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Hello, you electric pheromone beasties. Welcome to Ask Dr. NerdLove, the first dating advice column to achieve an N7 rank in the Alliance. This week, we’re going to be talking about two sides of the same issue: desire. How important is simple, sexual attraction in a relationship and what can it affect in the long run? Can you have a successful romantic relationship without it?


Let’s do this.

Dear Dr. NerdLove,

I’m a man in my mid-twenties and I’ve been in a committed relationship for just over four years, my first intimate relationship. My primary reason for writing is I’m confused and concerned about my feelings of sexual dissatisfaction in my life more so than just the relationship. My girlfriend and I only get a chance to be intimate with each other once a week, which has persisted for duration of the relationship. We’ve taken several trips together where we get a week or so together and, other than a fight or two, generally get along well and have more opportunity for intimacy. But that experience tends to magnify the point where things get a little more complicated.

When I’m alone I generally feel frustrated and interested in sex but when she is around I find it takes a little work to get fired up for a session or two. When she is gone the frustration pretty quickly returns. It’s not that she doesn’t do the things I’d like to do, it’s just that my brain seems to switch gears and I get a little more anxious around her. I suffer from a major depressive disorder and a general anxiety disorder and take medicines that do suppress libido and cause anorgasmia but that only seems to be an issue when I’m with her. Could it be my attraction to her? Am I missing some spark or excitement that we used to have?

TL:DR I’m less interested in sex when she is around and I don’t know why.

Our relationship has its troubles; we don’t share as many interests as I’d like, we’re both a bit too stubborn, and we have differing views and certainties about the future and the direction our lives are going. Where she sees children and marriage I spend more time wondering about when we’ll break up. That’s stressful, sometimes more than others, but it rarely impedes our daily intimacy because it isn’t something we talk about often (if at all). It’s not like I fantasize about being with other women or wish she was someone else. I do worry that I’ll go through live without being satisfied with my sexual career and experiences overall, but I don’t really know what to do about that.

I’m not that experienced. I’m not sure where my life is going. And I don’t understand why I’m sexually frustrated in a relationship where she is often willing to meet my sexual appetite. It feels like a lot to sort out.


Frustrated and Conflicted

F&C: you sound a lot like me when I was dealing with one of my first serious relationships. So much so that I could’ve written this letter myself way back when.


So here’s the advice that I wish someone had given me back in the day:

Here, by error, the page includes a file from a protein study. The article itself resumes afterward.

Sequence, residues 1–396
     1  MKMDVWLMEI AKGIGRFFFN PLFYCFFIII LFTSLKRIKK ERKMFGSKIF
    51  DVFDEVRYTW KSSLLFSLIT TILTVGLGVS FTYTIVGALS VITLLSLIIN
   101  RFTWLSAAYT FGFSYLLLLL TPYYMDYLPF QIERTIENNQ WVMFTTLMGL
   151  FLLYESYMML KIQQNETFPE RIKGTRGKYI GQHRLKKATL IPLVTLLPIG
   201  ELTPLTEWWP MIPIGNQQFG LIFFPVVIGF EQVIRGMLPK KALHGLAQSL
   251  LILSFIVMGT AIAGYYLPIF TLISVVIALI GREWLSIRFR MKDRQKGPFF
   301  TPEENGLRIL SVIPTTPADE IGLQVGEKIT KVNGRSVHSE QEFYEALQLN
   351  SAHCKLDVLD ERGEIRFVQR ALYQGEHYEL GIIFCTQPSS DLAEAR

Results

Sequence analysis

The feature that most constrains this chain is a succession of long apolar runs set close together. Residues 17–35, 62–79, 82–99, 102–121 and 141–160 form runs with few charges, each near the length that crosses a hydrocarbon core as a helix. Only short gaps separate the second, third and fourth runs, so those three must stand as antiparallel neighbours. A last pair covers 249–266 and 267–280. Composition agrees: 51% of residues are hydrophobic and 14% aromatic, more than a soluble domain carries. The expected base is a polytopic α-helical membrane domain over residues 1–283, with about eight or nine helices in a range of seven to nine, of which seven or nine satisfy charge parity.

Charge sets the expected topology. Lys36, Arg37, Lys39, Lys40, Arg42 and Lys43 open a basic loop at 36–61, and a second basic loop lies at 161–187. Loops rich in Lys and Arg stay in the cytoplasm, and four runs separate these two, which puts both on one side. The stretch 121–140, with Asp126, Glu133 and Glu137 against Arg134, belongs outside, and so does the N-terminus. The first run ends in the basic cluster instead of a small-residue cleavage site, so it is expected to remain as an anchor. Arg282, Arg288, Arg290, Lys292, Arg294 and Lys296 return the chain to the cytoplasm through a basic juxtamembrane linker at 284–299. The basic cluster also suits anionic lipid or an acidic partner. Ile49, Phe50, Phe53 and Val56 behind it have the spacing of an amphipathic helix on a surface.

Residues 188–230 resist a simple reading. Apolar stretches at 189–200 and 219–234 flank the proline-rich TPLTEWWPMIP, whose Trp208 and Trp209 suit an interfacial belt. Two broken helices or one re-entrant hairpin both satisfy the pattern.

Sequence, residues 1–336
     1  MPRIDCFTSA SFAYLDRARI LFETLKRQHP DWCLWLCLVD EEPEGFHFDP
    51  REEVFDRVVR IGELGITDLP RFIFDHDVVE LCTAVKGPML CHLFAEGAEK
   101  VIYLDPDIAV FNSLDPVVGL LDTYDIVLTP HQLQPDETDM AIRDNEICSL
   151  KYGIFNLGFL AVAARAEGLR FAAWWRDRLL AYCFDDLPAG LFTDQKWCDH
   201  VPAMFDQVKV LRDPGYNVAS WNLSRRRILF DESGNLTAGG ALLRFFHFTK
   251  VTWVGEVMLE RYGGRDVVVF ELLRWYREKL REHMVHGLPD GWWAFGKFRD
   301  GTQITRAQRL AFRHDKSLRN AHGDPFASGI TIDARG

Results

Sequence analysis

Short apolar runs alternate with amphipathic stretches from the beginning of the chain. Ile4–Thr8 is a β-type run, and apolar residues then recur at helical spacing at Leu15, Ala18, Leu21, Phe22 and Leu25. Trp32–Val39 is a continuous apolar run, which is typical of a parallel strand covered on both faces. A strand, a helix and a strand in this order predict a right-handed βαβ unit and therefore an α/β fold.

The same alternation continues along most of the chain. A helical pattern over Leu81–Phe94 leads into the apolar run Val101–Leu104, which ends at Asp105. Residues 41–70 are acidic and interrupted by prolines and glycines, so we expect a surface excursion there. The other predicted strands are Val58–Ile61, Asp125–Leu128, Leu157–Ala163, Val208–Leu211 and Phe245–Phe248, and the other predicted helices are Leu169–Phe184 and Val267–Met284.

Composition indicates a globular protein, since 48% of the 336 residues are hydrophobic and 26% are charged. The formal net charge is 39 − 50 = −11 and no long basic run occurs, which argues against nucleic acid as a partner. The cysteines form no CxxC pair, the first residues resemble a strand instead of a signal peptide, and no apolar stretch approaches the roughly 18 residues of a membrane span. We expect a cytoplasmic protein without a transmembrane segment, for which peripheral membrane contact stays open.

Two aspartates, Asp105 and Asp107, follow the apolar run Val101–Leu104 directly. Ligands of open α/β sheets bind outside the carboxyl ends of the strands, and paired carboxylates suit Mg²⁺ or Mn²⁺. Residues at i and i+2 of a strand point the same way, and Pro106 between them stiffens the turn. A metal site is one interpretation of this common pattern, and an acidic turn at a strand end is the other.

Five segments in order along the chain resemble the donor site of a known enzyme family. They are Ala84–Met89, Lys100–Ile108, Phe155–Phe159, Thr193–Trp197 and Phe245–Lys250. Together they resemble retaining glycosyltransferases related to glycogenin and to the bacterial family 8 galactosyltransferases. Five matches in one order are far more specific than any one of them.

At your core, you know what the problem F&C - you’ve just built up a lot of complicated cruft around it to keep yourself from admitting it. I can’t say I’m surprised; I did the exact same thing in your circumstance. And, I suspect, for much the same reason. You’re young and you’re inexperienced. This is your first serious relationship and - I’m willing to bet - your first sexual relationship. I’m willing to bet that, at first you were kind of dick-struck; you were so amazed to be having sex that you were willing to overlook a lot of issues. But as the novelty of getting laid started to fade, the dissatisfaction started to creep in. But at the same time, there’s nothing you can really point to to justify ending things.

And I’m willing to bet there’s some part of you that also worries that this will be your last relationship; that you will never do better and so you cling to this with both hands because… well, it’s better than being alone.


At the same time: you’re miserable and don’t want to be.

Am I wrong? I could very well be - after all, this is all what I went through when I was around your age. But I don’t think I am.



So what do you do? Well, that’s why I’m here: to cut away a lot of the crap and rationalization and get to the heart of the matter. So let’s be blunt here.

You’ve got a healthy and functioning libido. When you’re by yourself, you’re horny, you get erections, you’re watching porn and getting off by yourself. When your girlfriend’s around… you’re less interested. You’re generally dissatisfied with the sex you’re having. You have to work to get aroused and to get off. She leaves, and you’re back to being horny and frustrated again.

Sure, depression and anxiety disorders - and their attendant medications - can affect your libido. SSRIs can kill your sex-life deader than the Duke Nukem series. But the fact that your sex drive comes back when your girlfriend isn’t there is the big clue what’s going on here.


You’re not attracted to your girlfriend. You’re definitely not sexually compatible and it doesn’t seem like you are compatible in other ways. You’re very clearly not happy with your relationship, but you can’t quite bring yourself to admit it to yourself.

Small wonder you’re uncomfortable when she’s around. You’re trying to pretend that you don’t want out.